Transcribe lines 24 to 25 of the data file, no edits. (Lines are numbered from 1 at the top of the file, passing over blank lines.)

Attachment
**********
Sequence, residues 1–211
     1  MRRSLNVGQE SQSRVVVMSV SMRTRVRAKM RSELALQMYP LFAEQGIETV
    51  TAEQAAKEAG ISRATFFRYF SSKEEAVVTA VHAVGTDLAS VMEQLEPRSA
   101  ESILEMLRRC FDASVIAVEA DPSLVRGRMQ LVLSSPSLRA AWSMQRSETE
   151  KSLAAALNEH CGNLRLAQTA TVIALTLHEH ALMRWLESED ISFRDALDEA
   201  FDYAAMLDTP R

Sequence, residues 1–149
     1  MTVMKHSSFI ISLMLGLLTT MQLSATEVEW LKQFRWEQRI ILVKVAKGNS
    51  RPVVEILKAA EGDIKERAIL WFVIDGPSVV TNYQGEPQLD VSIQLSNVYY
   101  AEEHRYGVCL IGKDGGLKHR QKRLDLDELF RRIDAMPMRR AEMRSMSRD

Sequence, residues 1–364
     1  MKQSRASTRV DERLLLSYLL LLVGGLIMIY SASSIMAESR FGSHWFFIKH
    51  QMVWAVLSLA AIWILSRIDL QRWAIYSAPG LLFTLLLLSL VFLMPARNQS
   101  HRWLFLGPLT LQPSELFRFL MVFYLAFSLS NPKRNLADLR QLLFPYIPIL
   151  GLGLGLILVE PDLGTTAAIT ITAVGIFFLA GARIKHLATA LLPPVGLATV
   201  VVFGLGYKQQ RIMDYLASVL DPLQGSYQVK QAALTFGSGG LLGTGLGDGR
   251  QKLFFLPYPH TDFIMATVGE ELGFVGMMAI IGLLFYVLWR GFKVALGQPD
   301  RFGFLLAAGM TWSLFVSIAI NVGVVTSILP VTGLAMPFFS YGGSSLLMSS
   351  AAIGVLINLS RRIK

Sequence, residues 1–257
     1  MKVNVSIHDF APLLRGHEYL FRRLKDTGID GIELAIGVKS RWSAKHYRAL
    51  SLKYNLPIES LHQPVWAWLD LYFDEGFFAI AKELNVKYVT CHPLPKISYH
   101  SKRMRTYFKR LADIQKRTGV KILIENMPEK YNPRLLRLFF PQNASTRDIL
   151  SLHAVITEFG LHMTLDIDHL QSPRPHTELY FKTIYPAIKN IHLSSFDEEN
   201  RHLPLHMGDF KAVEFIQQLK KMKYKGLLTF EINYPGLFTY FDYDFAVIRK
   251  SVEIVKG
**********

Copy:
   151  SLHAVITEFG LHMTLDIDHL QSPRPHTELY FKTIYPAIKN IHLSSFDEEN
   201  RHLPLHMGDF KAVEFIQQLK KMKYKGLLTF EINYPGLFTY FDYDFAVIRK